John a stalwart of his community
The day 15-year-old John Podmore stepped on to the shores of Albany, King George died.
He recalls his father remarking the King must not have been able to live in England without them.
Mr Podmore had just sailed on a cargo ship for three weeks to start a new life farming with his parents in Australia.
He had left behind memories of the war — although he won’t ever forget the long nights spent in the air shelters, the sound of the guns or the planes flying overhead.
But Mr Podmore arrived in Australia looking forward to establishing a property and escaping the high taxes of England in the 1950s.
On arrival in Albany, Mr Podmore and his parents discovered there were no facilities for the diesel station wagon they had bought over to drive north.
It continued on a train to Fremantle, where his father had to visit the port five times a week to get it released so they could make their way out to Koorda.
When they arrived at Koorda, the Podmores were greeted by the Lego family who ran the local shop.
It was there Mr Podmore began his first job as an Australian, picking Mallee stumps.
Mr Podmore describes the agricultural industry as “a part of” him.
His first job was back in England, earning a shilling an hour as a child picking potatoes alongside seven men on a 165 acre property.
Since then, he has hated cities and known he is forever going to be on the land.
After 12 months in Koorda, Mr Podmore and his parents settled in Cadoux.
They chose this area to farm due to family ties, as his mother was originally from Benjaberring.
“In the 30s my father came out to Australia, where he met her,” Mr Podmore said.
“Due to the depression and the wheat prices, mum and dad returned to Wales, only to find that the depression was worldwide.
“Eventually, they decided to try and escape the tax prices so we headed back to Australia.”
He has fond memories of travelling around to dances at Konnongorring, Wongan Hills, Cadoux and Koorda.
He recalls the Dews playing the tunes at the Konnongorring dance and catching up with the Whitfields.
To this day, he believes Cadoux’s dances were the most fun.
“Due to the average size of a farm being 2000 acres, there was plenty of mates to attend social events with,” Mr Podmore said.
“We were allowed beer outside of the hall at Cadoux, whereas we weren’t at the Konno dances, so Cadoux was my favourite.”
Mr Podmore became involved in a number of sporting clubs, being secretary of a majority of them over the years.
It was at the Cadoux tennis club he met the future Mrs Elaine Podmore.
“I still remember the day I met her and I still haven’t worked out how I managed to win her over,” Mr Podmore said.
He believes the secret to a happy marriage is not to be selfish, always give and then take, and try to understand the other person.
The first Dowerin GWN7 Field Days was an exciting event, with everyone carpooling from Cadoux to see what the latest and greatest within the industry was.
“It was very exciting at the time, because the field days was different to other town shows,” he said.
Mr Podmore recalls exhibitors having small exhibitor blocks and doing tractor demonstrations.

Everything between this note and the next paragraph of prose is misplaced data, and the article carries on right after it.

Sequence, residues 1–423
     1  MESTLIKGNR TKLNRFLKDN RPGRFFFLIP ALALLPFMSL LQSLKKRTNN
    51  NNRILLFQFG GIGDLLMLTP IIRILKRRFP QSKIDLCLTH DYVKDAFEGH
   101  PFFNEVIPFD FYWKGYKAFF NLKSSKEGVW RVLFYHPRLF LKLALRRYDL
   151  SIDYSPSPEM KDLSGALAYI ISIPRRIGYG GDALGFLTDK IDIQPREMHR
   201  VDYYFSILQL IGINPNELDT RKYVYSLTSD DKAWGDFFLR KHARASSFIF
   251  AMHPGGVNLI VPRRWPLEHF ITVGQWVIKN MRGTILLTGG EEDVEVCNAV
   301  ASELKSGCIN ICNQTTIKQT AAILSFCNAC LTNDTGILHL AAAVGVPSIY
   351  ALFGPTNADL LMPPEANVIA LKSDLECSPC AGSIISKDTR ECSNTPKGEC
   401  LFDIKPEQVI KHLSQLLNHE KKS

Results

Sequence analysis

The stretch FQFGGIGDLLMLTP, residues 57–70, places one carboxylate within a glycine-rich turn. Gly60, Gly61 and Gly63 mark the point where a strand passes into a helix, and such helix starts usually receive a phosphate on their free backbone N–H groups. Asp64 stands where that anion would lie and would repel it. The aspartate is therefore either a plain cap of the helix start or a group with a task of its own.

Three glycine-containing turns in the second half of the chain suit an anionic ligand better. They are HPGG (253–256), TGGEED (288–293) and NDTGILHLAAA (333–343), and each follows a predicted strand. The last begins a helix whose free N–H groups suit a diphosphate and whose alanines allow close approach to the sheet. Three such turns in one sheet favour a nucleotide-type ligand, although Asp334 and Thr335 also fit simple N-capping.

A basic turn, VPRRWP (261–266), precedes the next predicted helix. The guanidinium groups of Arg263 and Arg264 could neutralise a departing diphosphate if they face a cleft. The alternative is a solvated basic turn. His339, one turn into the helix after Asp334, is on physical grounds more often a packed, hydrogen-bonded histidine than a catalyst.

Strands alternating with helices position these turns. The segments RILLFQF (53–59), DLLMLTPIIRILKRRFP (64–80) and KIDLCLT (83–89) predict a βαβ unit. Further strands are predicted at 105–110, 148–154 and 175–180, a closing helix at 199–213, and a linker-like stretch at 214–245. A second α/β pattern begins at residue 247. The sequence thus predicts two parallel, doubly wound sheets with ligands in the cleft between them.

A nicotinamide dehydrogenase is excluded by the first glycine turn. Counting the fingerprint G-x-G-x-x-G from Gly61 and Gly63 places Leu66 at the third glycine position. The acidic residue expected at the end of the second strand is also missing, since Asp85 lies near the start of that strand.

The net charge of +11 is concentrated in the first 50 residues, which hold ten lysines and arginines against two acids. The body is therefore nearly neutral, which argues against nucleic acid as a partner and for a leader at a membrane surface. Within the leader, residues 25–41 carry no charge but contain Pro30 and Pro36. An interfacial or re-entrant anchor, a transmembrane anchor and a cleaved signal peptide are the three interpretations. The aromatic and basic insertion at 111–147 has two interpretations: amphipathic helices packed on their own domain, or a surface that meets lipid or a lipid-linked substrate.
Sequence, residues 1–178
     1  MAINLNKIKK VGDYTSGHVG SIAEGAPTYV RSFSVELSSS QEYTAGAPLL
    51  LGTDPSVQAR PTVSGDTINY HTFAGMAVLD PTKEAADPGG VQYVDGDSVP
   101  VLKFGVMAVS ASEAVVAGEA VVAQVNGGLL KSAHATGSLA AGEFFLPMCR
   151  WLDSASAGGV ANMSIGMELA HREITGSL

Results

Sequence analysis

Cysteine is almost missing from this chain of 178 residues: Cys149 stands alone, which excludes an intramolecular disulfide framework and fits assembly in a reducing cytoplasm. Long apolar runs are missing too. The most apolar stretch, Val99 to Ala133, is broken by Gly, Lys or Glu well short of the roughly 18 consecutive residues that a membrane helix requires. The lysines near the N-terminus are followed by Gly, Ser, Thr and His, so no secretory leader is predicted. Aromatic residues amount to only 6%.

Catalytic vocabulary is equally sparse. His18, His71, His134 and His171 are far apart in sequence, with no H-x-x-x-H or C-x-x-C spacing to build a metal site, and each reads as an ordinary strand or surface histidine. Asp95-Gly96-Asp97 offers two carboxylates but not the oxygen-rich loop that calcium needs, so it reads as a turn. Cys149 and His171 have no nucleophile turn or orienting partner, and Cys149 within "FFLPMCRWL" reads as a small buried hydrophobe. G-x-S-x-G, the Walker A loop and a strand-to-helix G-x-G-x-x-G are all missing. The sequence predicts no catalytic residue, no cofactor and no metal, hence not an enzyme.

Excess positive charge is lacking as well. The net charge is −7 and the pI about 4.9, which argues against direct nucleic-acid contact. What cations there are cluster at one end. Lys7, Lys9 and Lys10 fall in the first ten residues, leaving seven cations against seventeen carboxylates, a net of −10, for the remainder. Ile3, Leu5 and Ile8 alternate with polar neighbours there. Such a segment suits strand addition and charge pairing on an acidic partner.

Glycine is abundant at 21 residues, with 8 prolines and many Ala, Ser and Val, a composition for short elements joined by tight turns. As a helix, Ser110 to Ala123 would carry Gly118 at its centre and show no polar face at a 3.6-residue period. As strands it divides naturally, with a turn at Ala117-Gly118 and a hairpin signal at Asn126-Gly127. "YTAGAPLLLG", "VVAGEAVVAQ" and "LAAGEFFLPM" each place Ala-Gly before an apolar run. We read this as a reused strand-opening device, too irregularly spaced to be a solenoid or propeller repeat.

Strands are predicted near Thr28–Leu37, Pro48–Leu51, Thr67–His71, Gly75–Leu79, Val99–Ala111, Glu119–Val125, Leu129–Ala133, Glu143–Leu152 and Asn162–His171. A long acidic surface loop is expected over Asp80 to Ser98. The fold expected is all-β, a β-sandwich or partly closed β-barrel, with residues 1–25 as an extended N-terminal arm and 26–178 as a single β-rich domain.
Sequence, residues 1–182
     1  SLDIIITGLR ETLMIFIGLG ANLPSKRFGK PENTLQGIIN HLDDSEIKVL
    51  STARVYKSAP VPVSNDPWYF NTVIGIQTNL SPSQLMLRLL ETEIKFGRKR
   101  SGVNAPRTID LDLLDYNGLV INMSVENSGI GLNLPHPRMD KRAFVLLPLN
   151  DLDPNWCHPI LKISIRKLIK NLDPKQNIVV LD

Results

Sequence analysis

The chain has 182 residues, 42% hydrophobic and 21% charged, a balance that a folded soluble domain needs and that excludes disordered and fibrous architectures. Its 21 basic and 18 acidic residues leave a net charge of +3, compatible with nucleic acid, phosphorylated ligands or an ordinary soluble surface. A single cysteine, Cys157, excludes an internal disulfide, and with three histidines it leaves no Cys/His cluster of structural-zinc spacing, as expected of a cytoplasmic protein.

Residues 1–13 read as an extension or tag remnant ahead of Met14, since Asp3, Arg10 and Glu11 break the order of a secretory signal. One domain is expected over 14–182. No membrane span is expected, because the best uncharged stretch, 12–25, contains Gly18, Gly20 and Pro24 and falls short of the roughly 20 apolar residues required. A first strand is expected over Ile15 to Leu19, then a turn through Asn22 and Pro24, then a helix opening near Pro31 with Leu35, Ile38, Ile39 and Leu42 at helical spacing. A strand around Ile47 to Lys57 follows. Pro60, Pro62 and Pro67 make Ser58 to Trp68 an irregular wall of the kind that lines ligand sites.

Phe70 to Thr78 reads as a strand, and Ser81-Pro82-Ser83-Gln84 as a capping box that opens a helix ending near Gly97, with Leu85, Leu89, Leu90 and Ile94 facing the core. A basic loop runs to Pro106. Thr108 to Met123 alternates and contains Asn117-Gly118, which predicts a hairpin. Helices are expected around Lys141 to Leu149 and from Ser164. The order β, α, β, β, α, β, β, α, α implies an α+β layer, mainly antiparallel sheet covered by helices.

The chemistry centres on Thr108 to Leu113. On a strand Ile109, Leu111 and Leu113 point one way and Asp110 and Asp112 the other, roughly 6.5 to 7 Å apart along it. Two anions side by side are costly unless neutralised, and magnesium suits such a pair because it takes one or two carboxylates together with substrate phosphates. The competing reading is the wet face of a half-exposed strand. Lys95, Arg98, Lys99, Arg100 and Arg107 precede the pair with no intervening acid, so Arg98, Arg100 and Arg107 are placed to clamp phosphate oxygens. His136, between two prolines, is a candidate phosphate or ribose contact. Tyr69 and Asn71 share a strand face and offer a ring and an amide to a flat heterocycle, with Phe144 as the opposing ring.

Watching from a distance, he saw a hydraulic hose blow and squirt hot oil all over the visitors who were all “dressed to the nines” watching this machine.
“There was an uproar, with everyone getting all excited over it,” he said, with a chuckle.
After the first event, he made an effort to attend as many as he could to stay up to date with the progressing industry.
In 1978, Mr and Mrs Podmore moved to Minnivale due to the loss of arable land to salinity.
Mr Podmore ran pigs as the biggest enterprise on the property for 43 years until he was diagnosed with prostate cancer and decided pigs were “a young man’s game”.
Upon arrival in Minnivale, the Podmores discovered the thing to do was to start volunteering at field days.
“If you live in the district you may as well get involved — it’s a bunch of wonderful people and a well-run organisation. It’s great to be involved and really is the hub of the community,” Mr Podmore said.
He still supports a number of sporting clubs he has been involved with over the years, by donating his field days money to them.
He is also still involved in the community by doing the washing up at football home games.
Mr Podmore was awarded life membership of the Wyalkatchem Football Club just before the club amalgamated with Dowerin.
He describes the award as one of the highlights of his life.
He said he never played sports well, particularly cricket, but simply enjoyed being involved.
When he handed the bat to his son the only piece of advice he could give was: “many ducks had been made by this one”.
Mr Podmore continues running the exhibitor caravan park despite his diagnosis of narcolepsy and in his own words “being a 1932 drop”.
With the support of the Wyalkatchem Fire Brigade he has been doing it for 10 years.
He thinks taxes have always been an issue throughout his time farming, but the hydraulic hose has been the biggest change he has enjoyed in his years on the land.
He has also enjoyed seeing women getting more respect within the industry and would never have deprived his daughters of returning to the land if they wanted that life.
“No one got out of feeding the pigs,” he said. His advice to his 18-year-old self would be stay involved – that the towns may one day fold, so do what you can. If he had to do it again, he wouldn’t change a thing.
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